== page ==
That competition manifests itself in several ways, including large admissions staffs, growing marketing budgets, costly “yield management” consultants, the proliferation of programs, and what some refer to as an arms race in building construction. By far the most expensive and problematic effect of competition has been increasing reliance on what is euphemistically referred to as “merit aid,” which in fact means the awarding of tuition discounts to low- or no-need students in order to persuade them to attend a particular institution. This has both siphoned money away from need-based aid and contributed to the
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That competition manifests itself in several ways, including large admissions staffs, growing marketing budgets, costly “yield management” consultants, the proliferation of programs, and what some refer to as an arms race in building construction. By far the most expensive and problematic effect of competition has been increasing reliance on what is euphemistically referred to as “merit aid,” which in fact means the awarding of tuition discounts to low- or no-need students in order to persuade them to attend a particular institution. This has both siphoned money away from need-based aid and contributed to the steadily rising discount rates among private colleges.
Absolutely nothing in the current admissions landscape offers incentives for colleges to stop competing with one another: In fact the reality is just the opposite. Demographic declines and increasing price sensitivity have led and will continue to lead to more intense competition, which in turn will place greater and greater pressure on the business model of most colleges. Albion College, in Michigan, ran, last winter, an early-deposit “sweepstakes” for applicants, with the top prize being a free meal plan for a semester. Expect more colleges to follow their example.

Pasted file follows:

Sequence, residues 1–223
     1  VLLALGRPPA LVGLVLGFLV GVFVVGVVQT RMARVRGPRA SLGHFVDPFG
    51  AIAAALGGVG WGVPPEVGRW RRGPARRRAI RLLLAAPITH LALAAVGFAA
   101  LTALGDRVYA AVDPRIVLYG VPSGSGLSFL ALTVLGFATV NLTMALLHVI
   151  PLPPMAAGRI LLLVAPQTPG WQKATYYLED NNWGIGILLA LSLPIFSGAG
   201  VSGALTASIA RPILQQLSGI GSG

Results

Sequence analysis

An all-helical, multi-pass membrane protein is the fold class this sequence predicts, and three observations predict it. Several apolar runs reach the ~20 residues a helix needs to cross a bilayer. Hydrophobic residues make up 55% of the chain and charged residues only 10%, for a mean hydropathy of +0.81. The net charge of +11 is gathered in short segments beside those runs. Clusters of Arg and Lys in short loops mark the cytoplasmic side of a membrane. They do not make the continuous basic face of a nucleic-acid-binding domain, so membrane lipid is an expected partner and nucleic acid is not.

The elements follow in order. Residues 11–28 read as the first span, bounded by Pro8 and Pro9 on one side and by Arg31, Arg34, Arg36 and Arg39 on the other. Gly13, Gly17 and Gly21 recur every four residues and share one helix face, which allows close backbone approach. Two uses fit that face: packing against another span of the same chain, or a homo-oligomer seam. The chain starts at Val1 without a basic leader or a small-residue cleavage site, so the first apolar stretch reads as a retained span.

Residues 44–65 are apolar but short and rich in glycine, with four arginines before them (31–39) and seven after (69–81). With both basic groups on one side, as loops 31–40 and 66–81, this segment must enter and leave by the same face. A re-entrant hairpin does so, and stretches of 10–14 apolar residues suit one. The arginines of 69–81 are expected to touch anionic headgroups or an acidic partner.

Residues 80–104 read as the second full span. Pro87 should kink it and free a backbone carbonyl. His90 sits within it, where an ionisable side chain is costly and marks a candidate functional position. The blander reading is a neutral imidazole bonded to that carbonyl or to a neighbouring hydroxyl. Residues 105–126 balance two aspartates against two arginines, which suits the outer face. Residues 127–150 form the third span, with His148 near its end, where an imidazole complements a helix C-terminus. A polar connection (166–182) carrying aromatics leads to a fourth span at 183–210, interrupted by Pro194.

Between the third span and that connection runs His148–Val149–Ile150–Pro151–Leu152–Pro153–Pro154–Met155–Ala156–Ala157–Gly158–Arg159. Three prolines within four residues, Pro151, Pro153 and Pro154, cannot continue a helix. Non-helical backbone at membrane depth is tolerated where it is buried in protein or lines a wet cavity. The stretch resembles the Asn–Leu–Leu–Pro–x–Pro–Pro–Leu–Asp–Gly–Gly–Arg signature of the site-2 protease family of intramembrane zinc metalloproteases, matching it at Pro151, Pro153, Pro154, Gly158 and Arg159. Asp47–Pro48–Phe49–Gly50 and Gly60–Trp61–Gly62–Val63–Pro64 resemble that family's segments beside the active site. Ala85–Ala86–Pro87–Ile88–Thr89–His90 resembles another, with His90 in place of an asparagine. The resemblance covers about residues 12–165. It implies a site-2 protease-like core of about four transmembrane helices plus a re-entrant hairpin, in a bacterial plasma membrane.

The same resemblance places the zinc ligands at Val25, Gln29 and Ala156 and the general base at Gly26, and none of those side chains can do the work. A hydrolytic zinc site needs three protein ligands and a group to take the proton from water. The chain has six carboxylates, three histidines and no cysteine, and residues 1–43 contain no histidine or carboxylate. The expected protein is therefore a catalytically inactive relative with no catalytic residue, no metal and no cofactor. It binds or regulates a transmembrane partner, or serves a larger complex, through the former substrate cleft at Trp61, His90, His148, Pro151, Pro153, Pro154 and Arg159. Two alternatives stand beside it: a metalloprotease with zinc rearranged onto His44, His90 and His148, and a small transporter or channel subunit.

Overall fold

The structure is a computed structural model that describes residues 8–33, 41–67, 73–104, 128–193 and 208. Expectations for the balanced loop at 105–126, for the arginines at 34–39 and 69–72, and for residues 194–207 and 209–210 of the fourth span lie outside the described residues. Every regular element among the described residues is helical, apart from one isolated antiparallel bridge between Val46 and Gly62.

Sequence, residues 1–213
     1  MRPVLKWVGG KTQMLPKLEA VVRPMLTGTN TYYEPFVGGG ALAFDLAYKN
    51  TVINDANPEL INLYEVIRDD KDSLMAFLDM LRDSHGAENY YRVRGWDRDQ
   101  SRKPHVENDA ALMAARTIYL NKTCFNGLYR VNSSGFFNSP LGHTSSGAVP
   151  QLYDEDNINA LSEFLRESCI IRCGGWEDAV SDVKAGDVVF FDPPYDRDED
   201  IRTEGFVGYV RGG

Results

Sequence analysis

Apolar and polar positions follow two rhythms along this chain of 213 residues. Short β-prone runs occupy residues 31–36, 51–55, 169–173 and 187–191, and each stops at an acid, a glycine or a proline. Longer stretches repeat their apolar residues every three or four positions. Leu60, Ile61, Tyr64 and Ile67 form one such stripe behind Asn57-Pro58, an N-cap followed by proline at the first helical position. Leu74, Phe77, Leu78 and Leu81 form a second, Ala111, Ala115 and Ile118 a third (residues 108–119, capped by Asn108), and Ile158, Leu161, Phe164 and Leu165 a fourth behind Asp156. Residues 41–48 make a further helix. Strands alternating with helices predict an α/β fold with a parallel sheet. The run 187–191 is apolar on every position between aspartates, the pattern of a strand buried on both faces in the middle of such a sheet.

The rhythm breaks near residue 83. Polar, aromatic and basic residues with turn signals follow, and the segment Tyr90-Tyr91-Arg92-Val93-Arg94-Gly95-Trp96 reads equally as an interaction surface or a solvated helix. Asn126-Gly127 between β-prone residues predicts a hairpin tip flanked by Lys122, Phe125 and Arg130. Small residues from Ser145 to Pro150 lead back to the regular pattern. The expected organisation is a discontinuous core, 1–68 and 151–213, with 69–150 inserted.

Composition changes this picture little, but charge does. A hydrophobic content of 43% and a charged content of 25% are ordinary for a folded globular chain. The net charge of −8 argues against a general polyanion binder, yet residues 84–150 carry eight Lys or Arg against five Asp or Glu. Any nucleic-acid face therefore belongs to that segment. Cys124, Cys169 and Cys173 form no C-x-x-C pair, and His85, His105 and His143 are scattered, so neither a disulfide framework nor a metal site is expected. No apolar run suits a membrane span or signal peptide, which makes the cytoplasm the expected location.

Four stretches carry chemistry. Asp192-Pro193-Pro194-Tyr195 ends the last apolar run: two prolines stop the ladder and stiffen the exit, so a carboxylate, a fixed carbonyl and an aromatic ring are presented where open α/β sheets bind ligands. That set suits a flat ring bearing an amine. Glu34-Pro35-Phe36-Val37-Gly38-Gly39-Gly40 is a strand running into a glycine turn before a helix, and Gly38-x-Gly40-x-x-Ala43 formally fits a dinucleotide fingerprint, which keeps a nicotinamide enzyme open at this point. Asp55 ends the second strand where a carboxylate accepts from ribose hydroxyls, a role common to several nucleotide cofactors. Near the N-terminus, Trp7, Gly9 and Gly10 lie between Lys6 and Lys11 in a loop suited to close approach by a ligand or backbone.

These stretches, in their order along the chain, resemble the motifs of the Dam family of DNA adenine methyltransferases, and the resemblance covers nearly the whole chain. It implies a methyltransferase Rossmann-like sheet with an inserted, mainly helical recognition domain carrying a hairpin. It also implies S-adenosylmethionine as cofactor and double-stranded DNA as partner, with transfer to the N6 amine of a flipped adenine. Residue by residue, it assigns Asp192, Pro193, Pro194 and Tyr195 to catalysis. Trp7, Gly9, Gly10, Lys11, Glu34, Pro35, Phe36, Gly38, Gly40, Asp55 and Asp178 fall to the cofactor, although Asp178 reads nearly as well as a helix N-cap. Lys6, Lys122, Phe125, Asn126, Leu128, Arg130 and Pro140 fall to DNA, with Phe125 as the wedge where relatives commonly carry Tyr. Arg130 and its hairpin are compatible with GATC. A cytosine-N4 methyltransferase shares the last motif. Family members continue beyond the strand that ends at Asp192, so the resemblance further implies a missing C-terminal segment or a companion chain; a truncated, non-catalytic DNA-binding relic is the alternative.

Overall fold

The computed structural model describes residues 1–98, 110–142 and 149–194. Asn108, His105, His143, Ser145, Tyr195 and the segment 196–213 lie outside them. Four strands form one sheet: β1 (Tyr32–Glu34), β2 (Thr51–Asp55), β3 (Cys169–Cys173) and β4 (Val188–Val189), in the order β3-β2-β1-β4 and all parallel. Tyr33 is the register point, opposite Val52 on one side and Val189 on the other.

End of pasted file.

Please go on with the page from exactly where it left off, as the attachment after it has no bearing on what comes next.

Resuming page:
And, of course, the ongoing crisis created by the outbreak of Covid-19 has revealed, among many other things, the fragility of the current admissions model, which relies very heavily on the ability of students to visit campuses and admissions officers to travel to recruit students. That model has for the moment collapsed and might never return in its previous form. It is also heavily skewed in favor of students who can afford to visit campuses and who attend private and large, well-funded public high schools.
A matching program has the potential to be far more equitable than the transparently biased system we have now.
Tweaks to a system that has been called “cumbersome, inequitable, and screwed up beyond belief” would be insufficient, given the magnitude of the challenge, as would appeals to the better angels of college presidents and deans of admissions, whose top priority — appropriately — is to maintain the viability of their institutions.
Here is an alternative and much more radical proposal: What if we replaced the current and longstanding admissions process among private colleges with a match process, similar to what has for years been used to match medical-school graduates with residency and fellowship positions? What if, in other words, we used data and algorithms instead of travel, merit aid, and free food to drive college admissions?